Women’s pockets favor fashion over function — and it’s terrible.
Have you ever been in the presence of a woman who’s just discovered her dress has pockets? Her eyes light up, she breaks into a smile, and then she announces, “It has pockets!” It’s the first thing she’ll tell anyone who compliments the outfit, as if these pockets are the most defining and important part of the look.
If you’re not part of the population that wears women’s clothing, this might seem weird. You might ask yourself, “What exactly is the big deal here?” But as someone on that other side, let me assure you, pockets are a big deal for women — or for anyone, really. The particular obsession women have, though, is based on the fact that we’ve largely gone without them for decades.
Take a simple pair of women’s jeans. A data visualization website called the Pudding recently measured the pockets on 80 pairs of women’s and men’s jeans and found that on average, the pockets on women’s jeans are “48% shorter and 6.5% narrower than men’s pockets.” That’s the drastic difference between a pocket created for fashion and one created for function.
Women’s clothing used to have large pockets. Ariane Fennetaux, a historian who recently co-authored a book on the topic, The Pocket: A Hidden History of Women’s Lives, 1660-1900, told Vox that from the 17th to 20th century, women used to wear large detachable pockets, which are now called “tie-in pockets.” They had several important functions and offered women a place of privacy at a time when they weren’t allotted much at all.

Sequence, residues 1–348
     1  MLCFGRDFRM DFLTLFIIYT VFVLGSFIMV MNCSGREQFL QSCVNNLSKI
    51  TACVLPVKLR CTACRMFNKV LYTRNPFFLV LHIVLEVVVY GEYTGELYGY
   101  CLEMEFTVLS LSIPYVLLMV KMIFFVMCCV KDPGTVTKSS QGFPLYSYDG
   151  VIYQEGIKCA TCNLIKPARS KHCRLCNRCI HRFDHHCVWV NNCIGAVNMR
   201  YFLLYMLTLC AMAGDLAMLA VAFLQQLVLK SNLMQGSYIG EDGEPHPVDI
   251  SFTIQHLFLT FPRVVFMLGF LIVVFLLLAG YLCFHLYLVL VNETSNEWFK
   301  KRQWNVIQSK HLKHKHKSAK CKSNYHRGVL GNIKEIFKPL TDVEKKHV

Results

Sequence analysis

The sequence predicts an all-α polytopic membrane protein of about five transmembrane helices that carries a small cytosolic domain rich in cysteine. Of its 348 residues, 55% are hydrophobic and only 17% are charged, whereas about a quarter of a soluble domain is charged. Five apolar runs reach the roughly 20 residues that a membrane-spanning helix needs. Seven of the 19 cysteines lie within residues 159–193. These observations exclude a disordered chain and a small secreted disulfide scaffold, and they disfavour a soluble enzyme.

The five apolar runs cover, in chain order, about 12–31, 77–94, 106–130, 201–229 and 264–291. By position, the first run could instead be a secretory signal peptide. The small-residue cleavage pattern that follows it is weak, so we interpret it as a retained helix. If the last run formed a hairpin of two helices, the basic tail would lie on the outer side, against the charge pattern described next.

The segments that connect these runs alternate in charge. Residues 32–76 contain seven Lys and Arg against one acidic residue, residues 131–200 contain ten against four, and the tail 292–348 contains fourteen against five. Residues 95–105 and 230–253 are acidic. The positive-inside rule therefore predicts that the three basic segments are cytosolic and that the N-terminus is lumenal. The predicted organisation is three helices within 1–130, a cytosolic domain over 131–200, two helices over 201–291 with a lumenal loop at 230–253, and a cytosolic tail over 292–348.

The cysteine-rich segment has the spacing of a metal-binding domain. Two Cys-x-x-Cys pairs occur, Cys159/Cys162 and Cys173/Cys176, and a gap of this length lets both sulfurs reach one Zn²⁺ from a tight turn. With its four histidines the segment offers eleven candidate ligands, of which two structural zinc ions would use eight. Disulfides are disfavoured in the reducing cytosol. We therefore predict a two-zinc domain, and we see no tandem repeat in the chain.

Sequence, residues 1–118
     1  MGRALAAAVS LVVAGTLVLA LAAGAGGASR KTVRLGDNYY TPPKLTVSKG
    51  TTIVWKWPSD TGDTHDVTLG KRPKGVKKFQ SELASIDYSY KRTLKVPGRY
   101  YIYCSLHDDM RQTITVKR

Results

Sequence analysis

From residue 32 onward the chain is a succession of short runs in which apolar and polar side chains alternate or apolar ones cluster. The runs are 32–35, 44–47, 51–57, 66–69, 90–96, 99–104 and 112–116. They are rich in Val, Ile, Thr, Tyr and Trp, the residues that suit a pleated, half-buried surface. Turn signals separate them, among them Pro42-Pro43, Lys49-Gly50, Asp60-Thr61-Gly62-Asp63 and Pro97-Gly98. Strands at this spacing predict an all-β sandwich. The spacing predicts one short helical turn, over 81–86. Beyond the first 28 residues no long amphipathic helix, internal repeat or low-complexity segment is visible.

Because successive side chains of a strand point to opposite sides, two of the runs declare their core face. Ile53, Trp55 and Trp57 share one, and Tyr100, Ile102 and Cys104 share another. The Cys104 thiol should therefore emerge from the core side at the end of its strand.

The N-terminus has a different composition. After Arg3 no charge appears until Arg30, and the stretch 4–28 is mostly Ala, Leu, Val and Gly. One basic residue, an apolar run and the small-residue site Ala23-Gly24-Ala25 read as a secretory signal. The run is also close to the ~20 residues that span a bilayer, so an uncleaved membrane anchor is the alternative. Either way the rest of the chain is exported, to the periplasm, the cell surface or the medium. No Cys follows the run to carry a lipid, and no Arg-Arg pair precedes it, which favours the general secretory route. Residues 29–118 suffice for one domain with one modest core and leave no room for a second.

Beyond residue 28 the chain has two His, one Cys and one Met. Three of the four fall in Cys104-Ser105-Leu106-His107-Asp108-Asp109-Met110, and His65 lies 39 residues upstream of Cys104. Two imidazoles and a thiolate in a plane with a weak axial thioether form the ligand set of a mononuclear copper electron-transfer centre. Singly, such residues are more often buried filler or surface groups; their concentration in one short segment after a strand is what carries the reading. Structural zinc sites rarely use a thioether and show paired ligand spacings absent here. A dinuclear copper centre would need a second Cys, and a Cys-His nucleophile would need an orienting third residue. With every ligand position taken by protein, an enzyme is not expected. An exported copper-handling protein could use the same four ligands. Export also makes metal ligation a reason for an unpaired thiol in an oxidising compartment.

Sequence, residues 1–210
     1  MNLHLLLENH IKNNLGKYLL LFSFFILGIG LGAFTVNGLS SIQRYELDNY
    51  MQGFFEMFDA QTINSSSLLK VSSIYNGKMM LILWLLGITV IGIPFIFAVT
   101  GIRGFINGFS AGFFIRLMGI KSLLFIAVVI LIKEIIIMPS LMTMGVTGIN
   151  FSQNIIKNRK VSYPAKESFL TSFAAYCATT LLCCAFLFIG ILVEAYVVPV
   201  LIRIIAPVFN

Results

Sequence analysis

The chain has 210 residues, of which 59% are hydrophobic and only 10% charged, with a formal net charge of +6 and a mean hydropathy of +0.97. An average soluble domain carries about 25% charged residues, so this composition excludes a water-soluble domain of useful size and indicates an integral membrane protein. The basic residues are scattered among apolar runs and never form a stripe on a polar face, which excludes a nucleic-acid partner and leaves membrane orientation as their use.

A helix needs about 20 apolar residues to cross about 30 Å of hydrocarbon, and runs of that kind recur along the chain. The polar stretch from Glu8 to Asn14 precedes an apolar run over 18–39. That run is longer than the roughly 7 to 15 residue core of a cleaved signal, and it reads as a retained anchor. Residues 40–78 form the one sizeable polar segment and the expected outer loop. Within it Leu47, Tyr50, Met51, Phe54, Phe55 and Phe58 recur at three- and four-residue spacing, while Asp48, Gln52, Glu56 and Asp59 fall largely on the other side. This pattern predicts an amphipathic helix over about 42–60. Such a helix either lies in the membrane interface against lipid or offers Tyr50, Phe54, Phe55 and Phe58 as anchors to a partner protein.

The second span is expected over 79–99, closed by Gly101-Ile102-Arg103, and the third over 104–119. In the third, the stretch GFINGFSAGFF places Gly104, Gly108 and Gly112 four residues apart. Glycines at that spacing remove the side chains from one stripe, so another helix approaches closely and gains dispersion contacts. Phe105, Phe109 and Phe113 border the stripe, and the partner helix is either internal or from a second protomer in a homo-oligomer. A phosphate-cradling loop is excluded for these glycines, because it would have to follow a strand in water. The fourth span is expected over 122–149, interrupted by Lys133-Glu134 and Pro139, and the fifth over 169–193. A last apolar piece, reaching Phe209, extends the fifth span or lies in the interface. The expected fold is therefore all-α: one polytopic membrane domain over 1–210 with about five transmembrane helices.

But in the 19th and 20th centuries, these large pockets fell out of fashion, and ever since, women have had to resort to purses and bags as a substitute. But it’s 2018. Women have been been demanding better pockets since before they were granted suffrage. What’s the holdup?
Watch the video above to learn more — and check out this article from Racked, which dives deeper into the long struggle for better pockets. You can find this video and all our videos on our YouTube channel.